So your boss has one of two choices. One choice is to reprimand you for not producing as you should. To not “waste our time together,” so to speak. The alternative is to tell you how much they look forward to reading your articles, and to remind you that they’re waiting to read the next one – which, by the way, was due yesterday. Or last week. And that, by the way, you’re the best writer in this place and they’d be utterly lost without you. (Okay, maybe, maybe not).
You see, some people (maybe you, maybe someone you know) just can’t extend a compliment if there’s anything imperfect or missing in the other person. You know, don’t encourage a delinquent – you’ll condone their behavior. Right?
I’m here to say that’s not how it works.
When you remind someone who’s struggling of how great they are, it energizes them. Yeah – remember that happening to you some time or another? Of course you do. When we focus on the negative behavior, our mind becomes accustomed to it and associates with it. Whereas, if it’s the positive trait that’s focused on, there’s at least a chance that person’s next thought or action will filter through that lens, and they’ll improve.
Pressure to perform breeds necessity to fail.
But who does that, really? Sometimes it feels like hardly anyone is willing to encourage someone else when something’s gone wrong.
And ain’t them the breaks! You see, generally, ‘smart people’ are raised with constant praise from a young age for being smart. The messaging gets so ingrained and linked to approval and positive response, that the child feels they need to constantly live up to it. And it’s not just children – it’s you, now, too. As an adult. So in high school, college, or in the workplace now, you go about your assignments feeling responsible for your smartness, so to speak. You feel the need to keep it up.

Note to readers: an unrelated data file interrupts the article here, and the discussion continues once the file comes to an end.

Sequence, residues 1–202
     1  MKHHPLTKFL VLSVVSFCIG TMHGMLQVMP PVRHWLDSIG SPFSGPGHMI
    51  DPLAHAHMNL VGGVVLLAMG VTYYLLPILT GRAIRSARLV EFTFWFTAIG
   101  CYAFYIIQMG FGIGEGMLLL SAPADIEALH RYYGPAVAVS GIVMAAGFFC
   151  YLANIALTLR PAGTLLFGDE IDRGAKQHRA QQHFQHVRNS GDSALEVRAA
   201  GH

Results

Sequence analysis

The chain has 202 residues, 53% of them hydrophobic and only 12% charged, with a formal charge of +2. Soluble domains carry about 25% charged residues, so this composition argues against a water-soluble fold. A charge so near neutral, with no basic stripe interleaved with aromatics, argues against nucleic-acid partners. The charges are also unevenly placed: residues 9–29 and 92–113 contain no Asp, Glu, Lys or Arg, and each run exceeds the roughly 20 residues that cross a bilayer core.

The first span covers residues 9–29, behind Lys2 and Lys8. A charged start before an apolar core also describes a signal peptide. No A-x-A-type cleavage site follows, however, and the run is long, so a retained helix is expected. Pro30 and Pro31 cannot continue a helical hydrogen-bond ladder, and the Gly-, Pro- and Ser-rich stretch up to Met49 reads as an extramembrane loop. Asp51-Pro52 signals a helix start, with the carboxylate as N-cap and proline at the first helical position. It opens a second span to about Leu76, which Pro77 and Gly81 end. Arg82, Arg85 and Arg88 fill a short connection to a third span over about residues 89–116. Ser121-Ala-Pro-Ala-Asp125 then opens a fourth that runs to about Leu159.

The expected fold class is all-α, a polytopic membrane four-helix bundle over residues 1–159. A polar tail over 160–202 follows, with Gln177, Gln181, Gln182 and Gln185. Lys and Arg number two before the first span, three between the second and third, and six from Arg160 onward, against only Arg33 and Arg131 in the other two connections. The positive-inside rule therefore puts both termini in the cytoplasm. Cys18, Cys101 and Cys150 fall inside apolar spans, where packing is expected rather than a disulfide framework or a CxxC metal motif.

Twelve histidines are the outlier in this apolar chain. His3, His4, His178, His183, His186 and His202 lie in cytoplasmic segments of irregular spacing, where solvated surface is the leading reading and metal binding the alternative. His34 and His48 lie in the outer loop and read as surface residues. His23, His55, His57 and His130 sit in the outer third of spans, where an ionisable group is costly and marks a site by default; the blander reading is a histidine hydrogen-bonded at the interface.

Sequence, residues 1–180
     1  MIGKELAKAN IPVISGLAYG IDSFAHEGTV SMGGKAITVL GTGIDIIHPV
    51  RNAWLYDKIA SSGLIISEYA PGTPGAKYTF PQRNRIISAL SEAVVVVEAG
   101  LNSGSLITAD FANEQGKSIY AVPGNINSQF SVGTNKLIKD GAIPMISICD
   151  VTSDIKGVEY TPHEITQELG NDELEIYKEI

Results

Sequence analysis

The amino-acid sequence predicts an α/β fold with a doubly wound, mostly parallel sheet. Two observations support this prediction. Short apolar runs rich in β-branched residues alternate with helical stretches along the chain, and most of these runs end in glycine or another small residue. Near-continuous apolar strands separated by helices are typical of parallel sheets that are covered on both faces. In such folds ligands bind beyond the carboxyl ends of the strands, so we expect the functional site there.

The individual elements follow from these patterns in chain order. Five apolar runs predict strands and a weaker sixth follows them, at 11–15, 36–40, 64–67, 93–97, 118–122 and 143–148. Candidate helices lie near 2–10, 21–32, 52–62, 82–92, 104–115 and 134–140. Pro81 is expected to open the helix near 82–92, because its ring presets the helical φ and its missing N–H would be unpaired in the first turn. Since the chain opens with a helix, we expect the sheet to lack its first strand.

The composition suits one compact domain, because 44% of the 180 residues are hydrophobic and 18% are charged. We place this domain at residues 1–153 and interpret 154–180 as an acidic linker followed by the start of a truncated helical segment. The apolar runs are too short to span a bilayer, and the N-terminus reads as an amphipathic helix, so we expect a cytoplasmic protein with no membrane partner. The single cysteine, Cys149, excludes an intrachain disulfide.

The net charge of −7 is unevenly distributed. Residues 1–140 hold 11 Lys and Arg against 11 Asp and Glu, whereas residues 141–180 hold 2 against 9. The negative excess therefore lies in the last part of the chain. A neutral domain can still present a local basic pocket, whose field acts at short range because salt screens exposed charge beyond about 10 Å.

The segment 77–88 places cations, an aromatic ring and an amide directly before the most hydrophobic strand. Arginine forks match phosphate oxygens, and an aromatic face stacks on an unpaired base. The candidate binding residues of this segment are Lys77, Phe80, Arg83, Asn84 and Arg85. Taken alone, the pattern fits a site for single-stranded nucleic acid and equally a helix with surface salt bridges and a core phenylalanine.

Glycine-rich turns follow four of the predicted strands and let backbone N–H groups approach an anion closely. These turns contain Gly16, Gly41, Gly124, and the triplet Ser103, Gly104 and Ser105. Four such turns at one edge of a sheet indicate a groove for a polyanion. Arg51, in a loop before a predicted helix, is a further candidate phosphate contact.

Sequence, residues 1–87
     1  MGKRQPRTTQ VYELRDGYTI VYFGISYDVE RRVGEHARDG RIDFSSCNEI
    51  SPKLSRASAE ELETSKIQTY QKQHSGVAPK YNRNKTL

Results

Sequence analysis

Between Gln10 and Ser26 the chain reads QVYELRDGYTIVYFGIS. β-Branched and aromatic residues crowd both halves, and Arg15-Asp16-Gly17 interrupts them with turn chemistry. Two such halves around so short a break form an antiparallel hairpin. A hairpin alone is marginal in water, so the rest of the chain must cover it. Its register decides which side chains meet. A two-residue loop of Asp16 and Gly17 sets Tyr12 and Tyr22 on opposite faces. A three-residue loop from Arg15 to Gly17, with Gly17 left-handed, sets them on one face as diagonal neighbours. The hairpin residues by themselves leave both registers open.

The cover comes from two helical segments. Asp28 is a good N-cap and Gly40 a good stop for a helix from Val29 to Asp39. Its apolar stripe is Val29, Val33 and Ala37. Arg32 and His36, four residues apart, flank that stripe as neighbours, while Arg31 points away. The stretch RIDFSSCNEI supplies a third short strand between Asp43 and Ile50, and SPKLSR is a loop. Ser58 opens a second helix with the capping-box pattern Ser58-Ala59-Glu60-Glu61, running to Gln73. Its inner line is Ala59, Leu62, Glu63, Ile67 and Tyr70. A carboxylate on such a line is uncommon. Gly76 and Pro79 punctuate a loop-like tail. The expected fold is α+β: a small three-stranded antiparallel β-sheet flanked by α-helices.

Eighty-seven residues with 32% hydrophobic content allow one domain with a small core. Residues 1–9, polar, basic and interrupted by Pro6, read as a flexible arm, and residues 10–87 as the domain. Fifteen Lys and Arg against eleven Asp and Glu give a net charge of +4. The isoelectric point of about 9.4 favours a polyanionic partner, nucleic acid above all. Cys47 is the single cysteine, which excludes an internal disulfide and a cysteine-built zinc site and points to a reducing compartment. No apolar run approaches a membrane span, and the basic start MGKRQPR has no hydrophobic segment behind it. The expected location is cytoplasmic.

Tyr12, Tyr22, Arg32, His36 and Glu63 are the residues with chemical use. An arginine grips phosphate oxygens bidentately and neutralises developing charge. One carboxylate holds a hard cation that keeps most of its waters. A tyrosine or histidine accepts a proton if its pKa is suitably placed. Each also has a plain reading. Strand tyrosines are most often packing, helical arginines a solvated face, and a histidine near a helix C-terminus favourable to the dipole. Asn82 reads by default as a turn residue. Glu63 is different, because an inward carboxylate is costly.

No matter that you had baby, went through a trauma, had some setbacks, are going through a divorce, have a sick family member, or are struggling with generalized anxiety or depression. You’ve always been the smart one, so you need to keep being the smart one. No matter what.
So then – what happens when a truly hard task comes your way? You need to write on a tough subject, or access an obscure information source, or learn a new thing in the “tech stack?” You know. You dip one toe in the water and back off immediately, thinking one of the following:
- What the– Is this for coders or something?
- I had a panic attack the last time I tried something like this.
- My head hurts.
- I can’t do this.
- I don’t have the personality for this.
- Soon, they’ll find out I’m really an idiot.
And then you push off doing this thing, because:
- I’ve got real work to do – I don’t have time for this.
- This is totally unnecessary. Can’t we just do it the old way?
- Can’t someone else do this? Since when is this my job?
- Soon, they’ll find out I’m really an idiot.
I’d venture to say that, if you didn’t feel so damned much pressure to live up to your smarty pants reputation from childhood, that perhaps you’d just say: “Hey – nothin’ to lose, lemme try this out.” It’ll be hard, and it’ll stretch your brain, but then you may even succeed in the end.
Of course I could be wrong, but that’s my hunch.
By now, this teacher still had the kid’s iPhone in his pocket.
So what did I tell this high school teacher from the first story? I said: Listen. You NEVER KNOW what this kid thinks of himself. Like me on debate day, he could be thinking he’s the dull crayon. On the flip side, bright kids feel the need to live up to the “smart” label that’s always applied to them. They identify with it, so that, when presented with a subject they actually find hard, they crush under the pressure – and do nothing.
So…maybe just cut him some slack.
Now. In the above paragraph, replace the word “kid/kids” with “person/people.”
Idk. Maybe cut just yourself some slack.
What do you think?
Leave your love in the comments. Tell me if this resonated with you, or it didn’t, or maybe you’re curious to hear more about something I mentioned. Maybe you want me to stop yammering and interview someone with something actually useful to say. Well…tell me about it below!